Banking & Finance Law Report

Wage withholding in a remote working environment

Employers generally must withhold income taxes on behalf of employees based on where the employee works. Typically this determination is simplified by the location of the employer’s offices. The COVID-19 pandemic and corresponding stay-at-home orders have altered the working situations for most Americans. Employers must now consider the impact of employees working remotely and confirm that income tax withholding is properly executed given these unprecedented circumstances.

My colleague Gary Schulte explains in this Employer Law Report blog.

 

SBA issues two more borrower-friendly PPP forgiveness applications

The Small Business Administration (SBA) has issued two new borrower-friendly Paycheck Protection Program (PPP) forgiveness applications: the EZ Application and a revised Forgiveness Application. The changes come in response to the recent passage of the Paycheck Protection Program Flexibility Act as well as pressure to simplify the forgiveness process for borrowers. My colleagues Jack Beeler, Jack Meadows and Cat Rice explain the two new options and additional changes to the forgiveness program in this Porter Wright Law Alert.

 

Drop your pencils: The PPP Flexibility Act is here

Paycheck Protection Program (PPP) borrowers across the nation have struggled to meet the Small Business Administration’s (SBA) guidelines, with many resorting to new and creative payroll expenditures to meet spending minimums and qualify for full forgiveness of the loan. On June 3, 2020, the U.S. Senate passed House Bill 7010, the “Paycheck Protection Program Flexibility Act of 2020”, which was promptly signed by the president the following day.  My colleague Cat Rice explains the PPP Flexbility Act in this Porter Wright Law Alert.

UPDATE: Main Street Lending Program

Earlier this week, the Federal Reserve Board provided another update to the terms of the Main Street Lending Program that is intended to provide financing opportunities to small and medium–sized businesses. My Treasury Sec. Steve Mnuchin initially announced the details of the program on April 9, 2020. My colleagues Jack Beeler and Jack Meadows explain the details in this Porter Wright Law Alert.

 

 

Main Street Lending Program terms updated

The U.S. Treasury Department’s Main Street Lending Program is expected to be up and running within days.  The program is intended to provide financing opportunities to small and medium–sized businesses. U.S. Treasury Secretary Steve Mnuchin announced details on the program on April 9, 2020 and updated the terms recently with a second set of FAQs. My colleagues Jack Beeler and Jack Meadows explain in this Porter Wright Law Alert.

Antitrust concerns, price gouging, hoarding and protecting your business during the COVID-19 pandemic

We’ve seen some incredible collaborations and innovations during the COVID-19 pandemic. We have also seen price volatility during these uncertain times.  While these may not be top of mind for some, antitrust law and consumer protection law still apply and ignoring them could be costly for businesses down the road.  Porter Wright’s Jay Levine discussed these topics with partner Allen Carter in a three-part Antitrust Law Source podcast series focused on antitrust law and price gouging.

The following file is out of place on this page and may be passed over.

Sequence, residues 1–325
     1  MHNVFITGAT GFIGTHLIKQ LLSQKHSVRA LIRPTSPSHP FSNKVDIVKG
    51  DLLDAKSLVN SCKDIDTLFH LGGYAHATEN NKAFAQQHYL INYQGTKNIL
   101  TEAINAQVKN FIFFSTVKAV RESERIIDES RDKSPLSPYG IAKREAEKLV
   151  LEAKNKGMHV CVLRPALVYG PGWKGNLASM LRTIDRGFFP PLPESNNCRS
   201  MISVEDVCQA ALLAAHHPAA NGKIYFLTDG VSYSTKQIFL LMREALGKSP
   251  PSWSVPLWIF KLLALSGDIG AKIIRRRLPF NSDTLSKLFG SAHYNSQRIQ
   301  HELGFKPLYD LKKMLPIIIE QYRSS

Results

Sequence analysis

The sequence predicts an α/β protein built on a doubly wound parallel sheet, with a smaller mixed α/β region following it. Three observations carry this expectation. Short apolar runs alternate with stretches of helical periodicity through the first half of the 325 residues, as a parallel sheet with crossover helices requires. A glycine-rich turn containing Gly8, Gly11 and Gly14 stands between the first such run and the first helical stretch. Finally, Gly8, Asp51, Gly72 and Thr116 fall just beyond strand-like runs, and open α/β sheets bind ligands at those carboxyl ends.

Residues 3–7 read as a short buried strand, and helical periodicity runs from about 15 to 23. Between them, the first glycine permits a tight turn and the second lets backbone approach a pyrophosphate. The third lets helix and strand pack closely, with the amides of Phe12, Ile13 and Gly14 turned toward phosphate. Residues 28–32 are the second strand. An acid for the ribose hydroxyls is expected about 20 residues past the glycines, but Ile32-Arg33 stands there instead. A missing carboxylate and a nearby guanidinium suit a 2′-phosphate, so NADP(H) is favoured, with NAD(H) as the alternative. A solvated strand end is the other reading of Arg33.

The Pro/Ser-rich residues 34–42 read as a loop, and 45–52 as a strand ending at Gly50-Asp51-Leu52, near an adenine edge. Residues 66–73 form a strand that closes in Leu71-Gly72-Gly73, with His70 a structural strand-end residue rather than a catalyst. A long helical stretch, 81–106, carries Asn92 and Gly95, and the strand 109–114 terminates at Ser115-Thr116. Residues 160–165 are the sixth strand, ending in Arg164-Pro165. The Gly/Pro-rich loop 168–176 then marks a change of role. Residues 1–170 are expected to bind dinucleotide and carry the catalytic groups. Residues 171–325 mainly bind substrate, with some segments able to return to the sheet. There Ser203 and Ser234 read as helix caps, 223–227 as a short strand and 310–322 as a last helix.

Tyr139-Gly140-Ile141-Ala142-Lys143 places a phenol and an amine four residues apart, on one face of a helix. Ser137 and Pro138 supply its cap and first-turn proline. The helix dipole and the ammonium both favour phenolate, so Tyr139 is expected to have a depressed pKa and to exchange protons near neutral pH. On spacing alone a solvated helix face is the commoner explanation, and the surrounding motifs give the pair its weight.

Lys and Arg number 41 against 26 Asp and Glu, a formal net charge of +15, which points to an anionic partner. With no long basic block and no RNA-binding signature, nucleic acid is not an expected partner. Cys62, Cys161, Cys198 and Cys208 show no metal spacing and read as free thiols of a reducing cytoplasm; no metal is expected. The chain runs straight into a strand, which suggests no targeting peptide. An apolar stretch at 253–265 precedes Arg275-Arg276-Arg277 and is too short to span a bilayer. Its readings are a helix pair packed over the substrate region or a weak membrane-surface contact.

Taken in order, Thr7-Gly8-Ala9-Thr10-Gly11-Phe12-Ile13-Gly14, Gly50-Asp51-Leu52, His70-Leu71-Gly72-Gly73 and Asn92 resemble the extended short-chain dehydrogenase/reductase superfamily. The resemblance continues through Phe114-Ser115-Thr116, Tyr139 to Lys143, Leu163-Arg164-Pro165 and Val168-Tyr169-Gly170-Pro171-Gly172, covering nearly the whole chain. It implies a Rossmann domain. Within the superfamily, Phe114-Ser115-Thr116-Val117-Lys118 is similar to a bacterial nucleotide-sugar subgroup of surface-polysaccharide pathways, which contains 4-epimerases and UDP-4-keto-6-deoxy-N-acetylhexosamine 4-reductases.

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Think twice before hitting “record”

It is simple enough: press record and you can easily share your internal video conference call, re-watch it later, or forget it and move on. You move on until you receive a discovery request or a subpoena for information if the company is sued. Now, your internal video call is discoverable and may be seen by those outside your intended viewership.

My colleagues Abby Chin and Molly Crabtree delve into this issue on the Technology Law Source blog.

Paycheck protection: Lender considerations before round two

Lenders are getting some much-deserved rest after enduring nearly two weeks of processing applications for the Small Business Administration’s (SBA) Paycheck Protection Program (PPP), which ran out of funds in the early hours of Thursday, April 15 – tax day. The program has been sharply criticized by lenders and borrowers alike, citing confusing guidance and technological glitches with the SBA e-Trans system, to the overwhelming sense that the program was underfunded and biased given the expanded eligibility criteria.

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How to claim COVID-19 tax credits via payroll

Employers may claim the Employee Retention Tax Credit and the tax credits available under the Families First Coronavirus Response Act (FFCRA) for relief during the COVID-19 pandemic. They do this first, by reducing the employer portion of Social Security taxes, and then, by reducing the employer’s payroll deposits in an amount equal to the refundable portion of the accrued credits, instead of depositing said amount with the IRS.

My colleagues Victoria Hanohano-HongGerhard SchulteMark Snider and Dave Tumen explain to to claim these credits via payroll in this Employer Law Report blog.

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